FLAT ROCK, MI – Cars might be able to drive themselves someday, but how many people truly are ready to trust their lives to a computer and parts bought at the lowest price?
Auto makers and suppliers are convinced the market for autonomous vehicles is for real, and these companies are sinking millions of dollars into development programs to prove their viability.
German supplier Robert Bosch, with expertise in the essential building blocks (such as braking, adaptive cruise control, sensors, sign recognition and video technology) has built prototype vehicles capable of partially automated driving and even highly automated driving before the Holy Grail is attained: fully autonomous self-driving cars, which likely won’t be available before the end of this decade.
From Bosch’s perspective, this technology revolution requires a staged rollout.
This spring, the supplier is launching its fourth-generation mid-range radar system and next year will begin producing a stereo vision camera that helps recognize objects and pedestrians in complex situations such as construction sites.
Also next year, Bosch will debut a traffic-jam assistant that keeps vehicles in their lanes during stop-and-go conditions.
All three devices represent additional building blocks on the way to self-driving cars.
For proof that the market for automated driving is for real, consider that Bosch began producing radar sensors (mainly for adaptive cruise control) in 2000 and reached 1 million units this spring.
The supplier expects to produce its second million radar units by 2014 and 10 million in total by 2016.
Bosch is working with several auto makers on various autonomous programs.
The supplier is expected to decide later this year to move forward with series production of partially automated vehicle technology in 2015 or 2016, Kay Stepper, director of engineering-driver assistance for the North American chassis systems division, tells WardsAuto.
Bosch’s research in Palo Alto, CA, and Abstatt, Germany, centers on fusing together the capabilities of short-range radar, long-range radar, video cameras, Lidar and other sensors to establish 360-degree visibility around a moving vehicle.
“Right now, with long-range radar you can cover about 250 m (820 ft.) of view,” Maria-Belen Aranda Colas, Bosch’s senior manager of advanced engineering-future driver assistance, says during recent demos of two Bosch concept cars at its test track here.
“By the time fully autonomous driving arrives, we will be talking about the whole journey, not just about the next 250 m,” she says. “Instead, the system will need to look kilometers and miles ahead. You have to know what’s happening on the road to react to conditions.”
Much of Bosch’s work spanning the past three years focuses on defining requirements for next-generation electronic controllers and sensors that will need to collect a lot more information.
The supplier also is anticipating a regulatory framework that will be taking shape for many years and is bound to differ from region to region.
For instance, some parts of the world have few laws about distracted driving, but many European highways are governed by the Vienna Convention, which requires those behind the wheel to devote their full attention to driving, Aranda says.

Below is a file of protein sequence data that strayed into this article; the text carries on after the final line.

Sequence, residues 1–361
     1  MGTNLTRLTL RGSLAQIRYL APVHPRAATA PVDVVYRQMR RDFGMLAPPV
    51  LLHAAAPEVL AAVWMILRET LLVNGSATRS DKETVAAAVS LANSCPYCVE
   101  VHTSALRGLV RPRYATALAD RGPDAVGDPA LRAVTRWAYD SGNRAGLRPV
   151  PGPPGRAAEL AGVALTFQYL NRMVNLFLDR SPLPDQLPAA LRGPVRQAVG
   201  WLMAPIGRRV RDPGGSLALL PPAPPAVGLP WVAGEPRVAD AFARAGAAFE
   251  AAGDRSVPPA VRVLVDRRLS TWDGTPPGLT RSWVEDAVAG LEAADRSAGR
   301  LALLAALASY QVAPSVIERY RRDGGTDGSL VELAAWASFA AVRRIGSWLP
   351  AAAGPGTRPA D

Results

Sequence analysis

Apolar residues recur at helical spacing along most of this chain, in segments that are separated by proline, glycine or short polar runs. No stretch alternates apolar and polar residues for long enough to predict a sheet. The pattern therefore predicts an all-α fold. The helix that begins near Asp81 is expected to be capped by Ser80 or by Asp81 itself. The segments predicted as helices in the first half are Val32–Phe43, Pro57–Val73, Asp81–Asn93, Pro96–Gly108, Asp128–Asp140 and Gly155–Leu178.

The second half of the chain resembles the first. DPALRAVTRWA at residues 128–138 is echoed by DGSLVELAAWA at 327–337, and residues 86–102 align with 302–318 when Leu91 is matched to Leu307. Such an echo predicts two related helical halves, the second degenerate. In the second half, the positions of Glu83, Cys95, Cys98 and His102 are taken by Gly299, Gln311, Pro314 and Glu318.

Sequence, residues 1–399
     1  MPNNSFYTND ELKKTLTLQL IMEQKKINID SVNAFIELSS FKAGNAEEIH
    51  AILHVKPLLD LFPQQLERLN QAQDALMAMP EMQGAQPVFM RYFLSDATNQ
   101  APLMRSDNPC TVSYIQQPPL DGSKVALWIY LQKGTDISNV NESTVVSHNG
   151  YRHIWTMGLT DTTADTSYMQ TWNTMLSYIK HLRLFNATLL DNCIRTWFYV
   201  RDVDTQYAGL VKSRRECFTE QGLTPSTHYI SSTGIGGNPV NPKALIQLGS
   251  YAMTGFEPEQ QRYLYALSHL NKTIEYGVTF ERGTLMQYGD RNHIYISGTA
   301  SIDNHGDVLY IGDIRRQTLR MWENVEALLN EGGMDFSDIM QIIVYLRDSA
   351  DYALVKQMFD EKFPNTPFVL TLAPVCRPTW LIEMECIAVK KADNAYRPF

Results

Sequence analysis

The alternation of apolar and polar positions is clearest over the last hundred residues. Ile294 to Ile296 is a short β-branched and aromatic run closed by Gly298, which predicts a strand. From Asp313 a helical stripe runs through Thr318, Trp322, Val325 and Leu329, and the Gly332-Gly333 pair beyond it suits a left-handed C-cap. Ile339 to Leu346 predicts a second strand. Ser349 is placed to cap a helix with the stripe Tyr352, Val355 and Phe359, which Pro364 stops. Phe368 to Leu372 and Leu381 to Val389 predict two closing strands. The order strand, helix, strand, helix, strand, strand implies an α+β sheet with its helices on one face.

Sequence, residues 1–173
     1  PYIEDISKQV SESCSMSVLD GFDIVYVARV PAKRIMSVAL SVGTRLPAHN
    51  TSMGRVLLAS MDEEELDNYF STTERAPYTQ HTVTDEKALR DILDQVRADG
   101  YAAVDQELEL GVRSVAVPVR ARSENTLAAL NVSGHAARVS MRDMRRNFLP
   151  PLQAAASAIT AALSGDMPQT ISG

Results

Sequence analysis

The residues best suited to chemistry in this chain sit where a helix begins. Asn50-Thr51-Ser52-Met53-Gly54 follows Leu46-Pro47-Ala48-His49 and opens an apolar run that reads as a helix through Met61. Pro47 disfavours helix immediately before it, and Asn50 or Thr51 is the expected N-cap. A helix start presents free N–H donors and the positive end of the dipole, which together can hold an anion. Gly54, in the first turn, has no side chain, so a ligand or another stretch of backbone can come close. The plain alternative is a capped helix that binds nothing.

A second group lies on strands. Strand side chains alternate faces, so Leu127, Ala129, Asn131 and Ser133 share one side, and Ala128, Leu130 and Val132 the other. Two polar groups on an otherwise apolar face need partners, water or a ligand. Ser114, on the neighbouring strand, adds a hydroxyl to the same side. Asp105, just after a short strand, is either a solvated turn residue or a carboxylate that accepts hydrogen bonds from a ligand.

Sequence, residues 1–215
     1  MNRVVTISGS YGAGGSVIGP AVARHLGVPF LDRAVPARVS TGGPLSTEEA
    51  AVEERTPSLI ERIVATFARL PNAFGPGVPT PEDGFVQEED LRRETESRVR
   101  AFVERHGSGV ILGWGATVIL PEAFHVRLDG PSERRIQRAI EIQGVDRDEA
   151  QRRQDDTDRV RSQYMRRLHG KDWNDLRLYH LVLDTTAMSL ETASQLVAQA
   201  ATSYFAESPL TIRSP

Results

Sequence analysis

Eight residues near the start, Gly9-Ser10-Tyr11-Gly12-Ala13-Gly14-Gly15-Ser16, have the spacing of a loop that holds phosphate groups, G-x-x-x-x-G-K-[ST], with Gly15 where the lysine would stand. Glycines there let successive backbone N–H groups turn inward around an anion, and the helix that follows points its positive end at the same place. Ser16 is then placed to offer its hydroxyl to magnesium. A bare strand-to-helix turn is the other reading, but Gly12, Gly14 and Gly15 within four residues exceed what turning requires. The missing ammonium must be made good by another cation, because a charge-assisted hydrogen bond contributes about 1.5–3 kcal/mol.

Stepper is convinced the industry will solve the technological hurdles for autonomous vehicles before the legislative barriers are cleared.
Naysayers are quick to dismiss autonomous-car research as folly, an affront to the joy of driving, a severed connection between man and machine.
There are other, more positive, ways to look at it.
Need time to balance the checkbook? Do it while driving to visit your daughter in college.
Already spending way too much time texting or talking on the cell phone while driving? Consider autonomous vehicles, which surely will be more attentive and make better and safer decisions, a gift from the heavens.
Feeling groggy behind the wheel? Go ahead, take a nap.
Here’s a benefit many proponents probably haven’t contemplated: Autonomous vehicles will be programmed to exit the fast lane once a slower vehicle is passed.
So even though many Americans think the left lane on a highway is for puttering along, self-driving cars will know better. We could learn something from them.
And how about tailgating? Doesn’t anybody know what “safe trailing distance” means anymore? Some people drive close enough to carry on a conversation with the car ahead, and it’s just plain dangerous.
Autonomous cars will take care of this scourge of the motorways, ensuring a proper gap to the vehicle ahead.
Road rage could be a thing of the past when logical, Spock-like decisions are made and executed.
Technology already has come a long way. Current production vehicles can accelerate and brake on their own and stay within lane markers.
But the next step, allowing a driver to take his hands off the wheel while the car speeds up and changes lanes all by itself – well, that requires a leap of faith.
“You have to trust in the systems,” Aranda says, adding that test clinics have found many consumers receptive.
“Within a few minutes, people understand what’s going on, and they see the system is supporting you and they can relax and start to concentrate on other things. I think it is quite easy to relax.”
One significant problem: First-generation autonomous cars will require redundant systems allowing drivers to work the pedals, steer and give other vehicle commands.
That means additional cost for the vehicle, which is bound to find its way to the sticker price.
But on the bright side, the fast lane will be open.